Before long, all blooms will be gone and the seed pods will have their own beautiful shape. 





This lace has a beauty all its own.


Monday, 17 August 2020

Inspired

This is the story of two people in their late sixties determined to ride bikes again like they did when they were kids. Well, not anything like that but you get the idea.


This pandemic has inspired us and many others to buy bicycles. We tried our daughter’s bike and enjoyed the freedom of the open air along the way. We’d like to take our bikes to various areas of Prince Edward Island to ride the trails.


One of the blogs I enjoy, Debbie @ It’s all about purple, link below, has an ebike which she uses in and around New Jersey. She inspired me. My husband was eager to try the ebike too when he learned of it. Debbie


We ordered two Rad Power bikes, one of which arrived this week. Mine will arrive in September. These bikes are peddle assist with a battery which can help if you need it. We have health issues which will make the assistance valuable when required. Our younger selves could never have imagined such a bike. We had to try it. 


Off we went at 7 a.m. to one of the local trails. It was going to be a hot day but the early morning breeze made the heat bearable at this early hour.  I had our daughter’s bike again and my husband was on his new Rad. We were doing well until I had to go through a gate to the trail. Down I went on my left knee, as if in slow motion, onto a mass of tiny pebbles below. It was hard to rise with the bike on top of me. I had pebbles stuck in the broken flesh of my knee but no other injuries. I was able to continue on and even tried the new bike with and without the pedal assist.


Along the way, a man in a wheel chair wheeled himself along the trail while a friend walked beside him. That man was an athlete in every sense of the word. While we were stopped to clean my knee, a man with a prosthetic arm sped by on his bike. These men also inspired us.


We hope to ride in different areas of the island on the Confederation Trail, the Heritage Roads and in the National Park on the bike trails. Cycling is another dimension of physical activity and experience we hope to enjoy for as long as our health allows. 


I feel like a kid again waiting for her new bike and so excited to ride. I hope my knees can take it though. I’ll keep you posted.


Thursday, 13 August 2020

Black Marsh Trail 2

It’s a long way down so I didn’t want to stand too close to the edge. Fences keep people safe in a number of areas.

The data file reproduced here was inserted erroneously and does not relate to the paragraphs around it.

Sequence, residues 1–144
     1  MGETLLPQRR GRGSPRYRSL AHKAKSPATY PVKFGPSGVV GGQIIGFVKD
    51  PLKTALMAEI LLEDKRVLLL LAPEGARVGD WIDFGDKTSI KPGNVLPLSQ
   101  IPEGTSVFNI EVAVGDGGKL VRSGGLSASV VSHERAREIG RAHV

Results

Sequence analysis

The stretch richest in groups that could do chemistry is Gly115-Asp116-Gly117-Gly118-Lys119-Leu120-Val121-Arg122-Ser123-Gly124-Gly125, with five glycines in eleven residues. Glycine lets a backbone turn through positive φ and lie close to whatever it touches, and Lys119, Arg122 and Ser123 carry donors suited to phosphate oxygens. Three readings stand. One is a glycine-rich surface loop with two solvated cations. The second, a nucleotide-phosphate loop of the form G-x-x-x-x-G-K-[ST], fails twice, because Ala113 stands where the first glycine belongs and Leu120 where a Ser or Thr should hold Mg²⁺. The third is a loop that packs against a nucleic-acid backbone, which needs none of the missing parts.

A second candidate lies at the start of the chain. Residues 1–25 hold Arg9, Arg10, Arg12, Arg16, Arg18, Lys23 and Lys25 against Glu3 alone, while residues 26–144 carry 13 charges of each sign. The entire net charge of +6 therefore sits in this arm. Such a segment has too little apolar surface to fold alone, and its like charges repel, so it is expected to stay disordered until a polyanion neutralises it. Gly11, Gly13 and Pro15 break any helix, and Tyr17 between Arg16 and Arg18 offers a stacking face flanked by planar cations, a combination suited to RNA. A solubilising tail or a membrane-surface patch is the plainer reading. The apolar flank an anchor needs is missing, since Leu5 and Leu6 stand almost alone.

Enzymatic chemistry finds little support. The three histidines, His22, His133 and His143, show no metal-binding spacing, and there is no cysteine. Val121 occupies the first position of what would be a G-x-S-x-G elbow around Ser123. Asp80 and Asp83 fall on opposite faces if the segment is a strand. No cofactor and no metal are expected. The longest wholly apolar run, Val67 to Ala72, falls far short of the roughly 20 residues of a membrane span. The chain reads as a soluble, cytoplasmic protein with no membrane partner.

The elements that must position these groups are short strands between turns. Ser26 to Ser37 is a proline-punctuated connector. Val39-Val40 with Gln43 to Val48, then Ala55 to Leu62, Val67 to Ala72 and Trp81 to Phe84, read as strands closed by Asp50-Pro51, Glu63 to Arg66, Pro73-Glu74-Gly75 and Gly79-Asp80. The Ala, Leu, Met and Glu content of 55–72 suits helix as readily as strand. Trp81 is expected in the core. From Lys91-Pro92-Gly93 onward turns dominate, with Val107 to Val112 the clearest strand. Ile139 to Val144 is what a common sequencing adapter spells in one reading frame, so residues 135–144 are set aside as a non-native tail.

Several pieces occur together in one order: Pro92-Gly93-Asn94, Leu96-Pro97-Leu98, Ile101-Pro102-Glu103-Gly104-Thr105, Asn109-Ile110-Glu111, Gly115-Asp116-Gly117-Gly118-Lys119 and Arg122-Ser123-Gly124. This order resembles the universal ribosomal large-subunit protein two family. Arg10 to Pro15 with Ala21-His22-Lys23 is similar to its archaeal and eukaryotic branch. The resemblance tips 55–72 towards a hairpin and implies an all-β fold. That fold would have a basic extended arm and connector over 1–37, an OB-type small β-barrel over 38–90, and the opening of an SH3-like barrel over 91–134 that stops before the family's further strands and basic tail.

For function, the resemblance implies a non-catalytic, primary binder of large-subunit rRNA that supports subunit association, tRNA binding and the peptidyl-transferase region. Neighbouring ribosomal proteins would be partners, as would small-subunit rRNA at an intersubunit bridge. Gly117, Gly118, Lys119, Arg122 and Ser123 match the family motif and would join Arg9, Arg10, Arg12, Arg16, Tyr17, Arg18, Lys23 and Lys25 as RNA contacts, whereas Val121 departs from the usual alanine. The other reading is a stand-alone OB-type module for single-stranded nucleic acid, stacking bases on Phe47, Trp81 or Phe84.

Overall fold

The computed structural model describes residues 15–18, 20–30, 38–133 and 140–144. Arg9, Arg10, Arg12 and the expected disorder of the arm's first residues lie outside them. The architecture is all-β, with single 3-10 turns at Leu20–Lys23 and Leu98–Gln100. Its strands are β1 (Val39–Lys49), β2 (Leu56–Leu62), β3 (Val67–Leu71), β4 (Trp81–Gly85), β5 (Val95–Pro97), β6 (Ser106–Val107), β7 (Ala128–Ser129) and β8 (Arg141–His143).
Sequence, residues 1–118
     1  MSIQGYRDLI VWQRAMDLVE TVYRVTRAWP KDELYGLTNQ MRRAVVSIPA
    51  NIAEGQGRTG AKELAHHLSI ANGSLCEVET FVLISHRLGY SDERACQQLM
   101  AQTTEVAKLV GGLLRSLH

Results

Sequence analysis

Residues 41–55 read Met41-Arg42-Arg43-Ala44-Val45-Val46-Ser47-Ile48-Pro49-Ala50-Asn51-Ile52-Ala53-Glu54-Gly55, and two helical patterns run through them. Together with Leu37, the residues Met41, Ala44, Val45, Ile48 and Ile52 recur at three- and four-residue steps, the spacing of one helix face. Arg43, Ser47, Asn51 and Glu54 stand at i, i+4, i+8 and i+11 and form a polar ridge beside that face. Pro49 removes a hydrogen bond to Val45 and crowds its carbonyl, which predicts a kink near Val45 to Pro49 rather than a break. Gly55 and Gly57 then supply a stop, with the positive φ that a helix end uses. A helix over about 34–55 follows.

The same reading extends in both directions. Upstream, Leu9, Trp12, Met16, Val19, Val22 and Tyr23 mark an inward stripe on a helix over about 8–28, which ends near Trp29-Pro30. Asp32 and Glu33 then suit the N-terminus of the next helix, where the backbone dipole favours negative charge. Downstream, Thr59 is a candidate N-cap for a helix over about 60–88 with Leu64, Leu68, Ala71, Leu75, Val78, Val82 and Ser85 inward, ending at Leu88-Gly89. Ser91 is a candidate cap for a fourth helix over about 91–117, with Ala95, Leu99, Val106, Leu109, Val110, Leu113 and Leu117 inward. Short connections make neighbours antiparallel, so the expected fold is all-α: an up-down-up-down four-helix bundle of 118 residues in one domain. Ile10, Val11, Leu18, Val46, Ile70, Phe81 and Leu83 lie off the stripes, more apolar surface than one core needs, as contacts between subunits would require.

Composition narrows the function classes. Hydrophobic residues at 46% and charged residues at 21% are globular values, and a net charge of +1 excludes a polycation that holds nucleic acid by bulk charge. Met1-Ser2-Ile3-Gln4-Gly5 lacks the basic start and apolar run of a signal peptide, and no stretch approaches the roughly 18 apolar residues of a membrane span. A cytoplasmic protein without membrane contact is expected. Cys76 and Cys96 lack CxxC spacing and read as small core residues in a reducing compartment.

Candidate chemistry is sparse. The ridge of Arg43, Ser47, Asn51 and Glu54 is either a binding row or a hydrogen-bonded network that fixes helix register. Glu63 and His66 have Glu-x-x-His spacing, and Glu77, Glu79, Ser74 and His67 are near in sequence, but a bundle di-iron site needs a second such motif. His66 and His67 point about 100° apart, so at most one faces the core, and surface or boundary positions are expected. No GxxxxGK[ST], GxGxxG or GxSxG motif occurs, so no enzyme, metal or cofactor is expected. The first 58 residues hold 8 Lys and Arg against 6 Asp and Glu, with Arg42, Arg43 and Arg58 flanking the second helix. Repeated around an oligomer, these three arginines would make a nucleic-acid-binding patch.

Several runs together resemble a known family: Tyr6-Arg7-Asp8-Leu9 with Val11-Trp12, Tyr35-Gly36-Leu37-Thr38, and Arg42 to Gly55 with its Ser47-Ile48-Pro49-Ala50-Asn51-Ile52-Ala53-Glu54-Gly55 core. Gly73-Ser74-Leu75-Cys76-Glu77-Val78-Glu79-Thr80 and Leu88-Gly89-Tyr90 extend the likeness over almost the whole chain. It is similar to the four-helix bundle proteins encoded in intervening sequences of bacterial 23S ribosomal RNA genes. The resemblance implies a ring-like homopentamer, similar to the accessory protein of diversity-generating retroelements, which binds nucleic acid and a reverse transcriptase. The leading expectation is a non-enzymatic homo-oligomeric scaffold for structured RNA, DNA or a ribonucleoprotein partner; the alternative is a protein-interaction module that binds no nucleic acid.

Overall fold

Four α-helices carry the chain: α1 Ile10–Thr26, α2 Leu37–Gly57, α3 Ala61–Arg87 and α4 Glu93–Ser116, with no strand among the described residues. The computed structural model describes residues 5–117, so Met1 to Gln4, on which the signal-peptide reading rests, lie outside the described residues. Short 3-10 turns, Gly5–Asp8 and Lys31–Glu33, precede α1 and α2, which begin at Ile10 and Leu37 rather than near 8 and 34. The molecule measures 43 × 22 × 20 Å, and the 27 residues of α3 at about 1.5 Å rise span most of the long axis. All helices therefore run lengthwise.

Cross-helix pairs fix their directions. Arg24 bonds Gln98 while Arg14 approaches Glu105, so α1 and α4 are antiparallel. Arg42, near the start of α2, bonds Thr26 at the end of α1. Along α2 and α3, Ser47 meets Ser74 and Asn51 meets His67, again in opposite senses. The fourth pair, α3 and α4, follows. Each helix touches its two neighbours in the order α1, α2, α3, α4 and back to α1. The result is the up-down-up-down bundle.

Lookouts, strategically placed, provide good views. The coastal path of the Black Marsh Trail is one of my favourites.


This trail parallels another trail through the forest along North Cape, each part of the trail providing a unique island experience. Both open to the Black Marsh, a huge peat marsh which drops off the sandstone cliffs onto the beach 10 meters below.




There are some unusual plants on the Black Marsh. The only one we could find was the pitcher plant. 





My husband and I are from Newfoundland and know this plant well since it is the provincial flower of that island. The plant lacks chlorophyll and is carnivorous which attracts insects into the pitchers on the ground where they are digested. The flowers are unique. We didn’t expose the pitchers in the bog at the base of the plant because we didn’t want to disturb the marsh.


Walking along the coastal trail near the marsh, one sees the effect of the icy blast of winter on the trees along the cliffs. 





They are art now, weathered remnants of former majestic glory. They have found an artistic raison d’ĂȘtre in this natural gallery until the sea finally claims them.





The sea stack draws visitors to this place as well. It has changed over the years of course, from its days as an elephant in the late 1990s to the shape it presents today. 





On the way back along the coast, we stopped at the lookouts. 





The trees clinging to the edge of the cliff defy gravity.





I walked the trail to the lighthouse and watched as seagulls floated on the breeze. 





Bank swallows darted overhead. After numerous photos, I captured this shot of one leaving the nesting area. It’s hard to capture bank swallows in flight.





We had a picnic and made a few more stops before we headed home. 







Tuesday, 11 August 2020

Black Marsh Trail 1

The Black Marsh Trail is one of my favourite trails on Prince Edward Island. Located at North Cape on the northwest tip of the island, the trail has two routes, through a forest and along the coast. My husband and I have walked a number of forest trails on Prince Edward Island but none is as unique as this one.


I vividly remember the last time we walked here in April 2017. Snow lingered among the trees then and everything was brown. The effect of the icy blast of wind off the water/ice has a huge impact on the trees which is particularly obvious in winter when the deciduous trees are bare and the other vegetation is dead. 





However, you can see the effect in summer as well.





This is the location of a wind turbine farm so if the sight and sound of wind turbines bother you, this is not the trail for you. I don’t hear the sound after a few minutes. My husband does but enjoys the trail in spite of it. 





The seaward side of the coniferous trees along the forest trail show damage from the icy blast of the wind along this coastline. 





The deciduous tress and shrubs, if they survive, grow to fill in the path through the forest along with some wildflowers. We stopped several times to take in the green tunnel.





The open parts of the trail pass beside the turbines in some places. In various areas the trees show the damage. The Queen Anne’s Lace and goldenrod are some of the few wildflowers which can live here.





Before long, we came upon one of the entrances to the coastal part of the trail. 





The two sections merge before you reach the Black Marsh. But that’s part 2.